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August 25, 1988

DATABASE MACHINES: BRITTON LEE TRIES OUT NEW MARKETING APPROACH FIRST IN EUROPE

By CBR Staff Writer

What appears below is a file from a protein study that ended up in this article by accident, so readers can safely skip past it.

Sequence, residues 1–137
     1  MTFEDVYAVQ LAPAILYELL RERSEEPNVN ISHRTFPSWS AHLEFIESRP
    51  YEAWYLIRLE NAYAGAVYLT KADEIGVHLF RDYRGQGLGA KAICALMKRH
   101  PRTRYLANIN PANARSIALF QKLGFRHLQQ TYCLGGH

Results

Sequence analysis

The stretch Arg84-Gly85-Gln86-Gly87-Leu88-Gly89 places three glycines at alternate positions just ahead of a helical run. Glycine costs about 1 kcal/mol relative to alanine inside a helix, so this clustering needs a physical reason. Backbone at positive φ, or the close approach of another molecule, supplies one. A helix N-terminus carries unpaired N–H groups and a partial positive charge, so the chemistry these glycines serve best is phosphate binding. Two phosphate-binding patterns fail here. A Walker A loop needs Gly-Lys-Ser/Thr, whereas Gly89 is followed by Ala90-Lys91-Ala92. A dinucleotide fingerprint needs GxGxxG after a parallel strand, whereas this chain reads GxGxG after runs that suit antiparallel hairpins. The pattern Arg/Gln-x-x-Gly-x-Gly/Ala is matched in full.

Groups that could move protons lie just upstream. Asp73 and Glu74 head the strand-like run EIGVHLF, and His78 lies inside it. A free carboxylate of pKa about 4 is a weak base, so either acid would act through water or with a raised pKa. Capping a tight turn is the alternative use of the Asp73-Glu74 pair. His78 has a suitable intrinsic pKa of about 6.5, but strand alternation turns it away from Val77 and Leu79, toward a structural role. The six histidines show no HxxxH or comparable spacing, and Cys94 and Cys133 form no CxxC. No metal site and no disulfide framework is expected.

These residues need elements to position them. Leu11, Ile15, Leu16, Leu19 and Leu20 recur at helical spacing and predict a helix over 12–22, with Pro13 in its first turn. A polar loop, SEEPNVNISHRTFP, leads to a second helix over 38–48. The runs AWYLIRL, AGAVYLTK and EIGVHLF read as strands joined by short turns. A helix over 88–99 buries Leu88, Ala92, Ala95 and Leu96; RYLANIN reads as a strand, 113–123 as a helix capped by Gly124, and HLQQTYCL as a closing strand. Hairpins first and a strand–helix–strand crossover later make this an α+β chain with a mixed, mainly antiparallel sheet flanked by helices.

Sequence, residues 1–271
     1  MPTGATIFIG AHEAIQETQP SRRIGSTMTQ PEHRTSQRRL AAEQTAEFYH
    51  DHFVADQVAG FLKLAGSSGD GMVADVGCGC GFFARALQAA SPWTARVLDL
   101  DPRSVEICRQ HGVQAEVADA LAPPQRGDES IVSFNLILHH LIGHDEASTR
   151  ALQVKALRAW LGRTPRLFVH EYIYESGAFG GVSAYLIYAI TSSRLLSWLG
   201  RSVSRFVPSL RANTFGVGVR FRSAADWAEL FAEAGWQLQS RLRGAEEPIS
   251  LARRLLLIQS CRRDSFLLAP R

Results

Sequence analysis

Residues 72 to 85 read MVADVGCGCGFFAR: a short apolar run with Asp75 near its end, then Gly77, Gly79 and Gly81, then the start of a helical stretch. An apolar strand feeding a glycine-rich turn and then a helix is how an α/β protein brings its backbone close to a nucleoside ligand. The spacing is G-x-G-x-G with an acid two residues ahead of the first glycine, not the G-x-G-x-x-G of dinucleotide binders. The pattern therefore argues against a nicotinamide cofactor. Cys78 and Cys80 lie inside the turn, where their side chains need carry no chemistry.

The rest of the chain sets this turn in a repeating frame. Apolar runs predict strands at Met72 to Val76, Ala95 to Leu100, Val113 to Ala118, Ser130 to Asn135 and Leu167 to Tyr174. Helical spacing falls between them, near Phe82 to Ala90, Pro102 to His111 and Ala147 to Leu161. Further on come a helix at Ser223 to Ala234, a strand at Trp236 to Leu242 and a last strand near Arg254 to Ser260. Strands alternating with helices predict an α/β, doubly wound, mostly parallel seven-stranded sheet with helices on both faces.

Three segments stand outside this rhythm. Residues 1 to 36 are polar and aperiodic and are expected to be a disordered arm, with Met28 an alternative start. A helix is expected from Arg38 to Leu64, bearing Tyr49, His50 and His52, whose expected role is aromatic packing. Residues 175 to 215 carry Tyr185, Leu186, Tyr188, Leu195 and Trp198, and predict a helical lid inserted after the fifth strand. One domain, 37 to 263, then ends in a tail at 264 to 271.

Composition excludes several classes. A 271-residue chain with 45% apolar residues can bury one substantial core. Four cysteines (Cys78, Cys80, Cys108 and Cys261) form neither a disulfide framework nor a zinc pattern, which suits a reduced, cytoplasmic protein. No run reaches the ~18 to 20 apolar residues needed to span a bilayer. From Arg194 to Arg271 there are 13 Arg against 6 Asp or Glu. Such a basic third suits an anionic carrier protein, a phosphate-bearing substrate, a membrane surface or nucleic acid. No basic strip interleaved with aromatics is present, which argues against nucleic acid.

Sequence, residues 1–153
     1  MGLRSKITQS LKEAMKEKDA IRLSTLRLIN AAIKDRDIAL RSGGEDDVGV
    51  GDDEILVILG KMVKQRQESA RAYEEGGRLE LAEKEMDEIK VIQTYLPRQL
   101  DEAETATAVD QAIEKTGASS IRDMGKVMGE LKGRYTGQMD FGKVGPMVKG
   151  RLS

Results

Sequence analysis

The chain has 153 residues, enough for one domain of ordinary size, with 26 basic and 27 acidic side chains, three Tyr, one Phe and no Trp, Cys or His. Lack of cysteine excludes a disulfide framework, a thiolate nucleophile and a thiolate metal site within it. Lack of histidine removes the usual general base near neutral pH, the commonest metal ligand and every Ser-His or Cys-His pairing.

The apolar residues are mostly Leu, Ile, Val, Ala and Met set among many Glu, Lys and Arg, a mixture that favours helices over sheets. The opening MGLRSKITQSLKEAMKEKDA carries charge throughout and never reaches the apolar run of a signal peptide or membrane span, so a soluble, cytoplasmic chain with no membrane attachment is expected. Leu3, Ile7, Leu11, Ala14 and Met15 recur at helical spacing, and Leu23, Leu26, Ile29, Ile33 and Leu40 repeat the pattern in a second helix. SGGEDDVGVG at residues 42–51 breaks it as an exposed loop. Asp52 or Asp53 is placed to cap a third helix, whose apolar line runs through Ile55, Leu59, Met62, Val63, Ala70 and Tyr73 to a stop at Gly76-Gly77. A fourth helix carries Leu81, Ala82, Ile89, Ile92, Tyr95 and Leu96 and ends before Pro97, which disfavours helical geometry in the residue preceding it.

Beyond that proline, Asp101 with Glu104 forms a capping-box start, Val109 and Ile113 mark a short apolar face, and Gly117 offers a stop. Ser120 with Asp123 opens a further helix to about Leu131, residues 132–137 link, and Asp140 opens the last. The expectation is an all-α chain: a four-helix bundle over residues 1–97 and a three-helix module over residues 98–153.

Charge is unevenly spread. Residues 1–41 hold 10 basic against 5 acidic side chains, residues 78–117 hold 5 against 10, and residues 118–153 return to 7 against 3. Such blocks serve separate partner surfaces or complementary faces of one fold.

As reported earlier this week (CI No 998), it has taken just one short year for back-end database builders Britton-Lee Inc to absorb a new management team, develop what it describes as a focused approach, and – more recently – make a return to modest profits. The Los Gatos-based firm is now determined to extend the appeal of its traditional data integrity and security strengths beyond the defence market, and has announced details of a new two-tiered marketing intiative, which will be targeted firmly at the commercial sector. At entry-level, Britton Lee hopes to address the needs of departmental networking environments – estate agents, retail chains, the petrochemical market et al – with a UKP37,350 package comprising its BL 300 shared database system, host software, the Freeform 4GL applications generator and the PC/SQL link. Meanwhile, at the top end of the market, the company will provide a similar BL 700 based offering, at UKP254,000, to be aimed at corporate network type environments within banks, large financial institutions and government departments. The targeting of key European customers, via a series of presentations, will start at the end of the month, with plans to move the process across the Atlantic by the end of the year. According to European chief Jan Nordhagen, it is the dedicated nature of the database machine which provides both packages with a unique selling point – a factor that Britton Lee, widely perceived to be caught between the likes of Oracle, Informix, Ingres and, at the other extreme, Teradata, clearly plans to play up. Young relational database software companies,claimed Nordhagen, warming to his theme, were unable to offer either the separate database concept or comparable load or performance capabilities, while Teradata was rapidly dismissed as a file sorter for IBM and Honeywell-Bull environments. The other side of the uniqueness coin, however, appears to be an unwilling-ness to provide any of the standard performance guides: the TP1 benchmark was, he concluded, insignificant, while data transfer rates were simply inapplicable to the kind of software programs Britton-Lee products were built to host. Response time for a typical 50-terminal BL 300 network, was, however, eventually placed in the one-and-a-half to two second region. Value-added resellers With proprietary matters still firmly on the agenda, Nordhagen was able to shed some light on the RISC models devlopment, announced last July (CI No 736). Rather than using industry standard RISC chips, he explained, the company was applying the reduced complexity concept to the arrangement of components within a range of dedicated machines, in a manner similar to the one adopted by IBM for management environ-ment on the RT 6150. The company’s processor is built of discrete ECL components with Zilog Z8002s to handle the peripherals. The difference between the 300 and the 700 is that the 300 has a single 300Mb disk from Control Data, whereas the 700 supports up to 16Gb of disk and includes a database accelerator. Re-packaged products and RISC aside, the company will also be concentrating its new-found energies on the launch of its Alliance programme, designed to encourage its network of European value-added resellers to exchange information between them without using the company as an intermediary. The intention is to combine the different products currently developed by individual resellers to produce an Alliance product portfolio – an idea which, if successful, will undoubtedly leave the company well-placed to benefit from the dismantling of European trade barriers in 1992.

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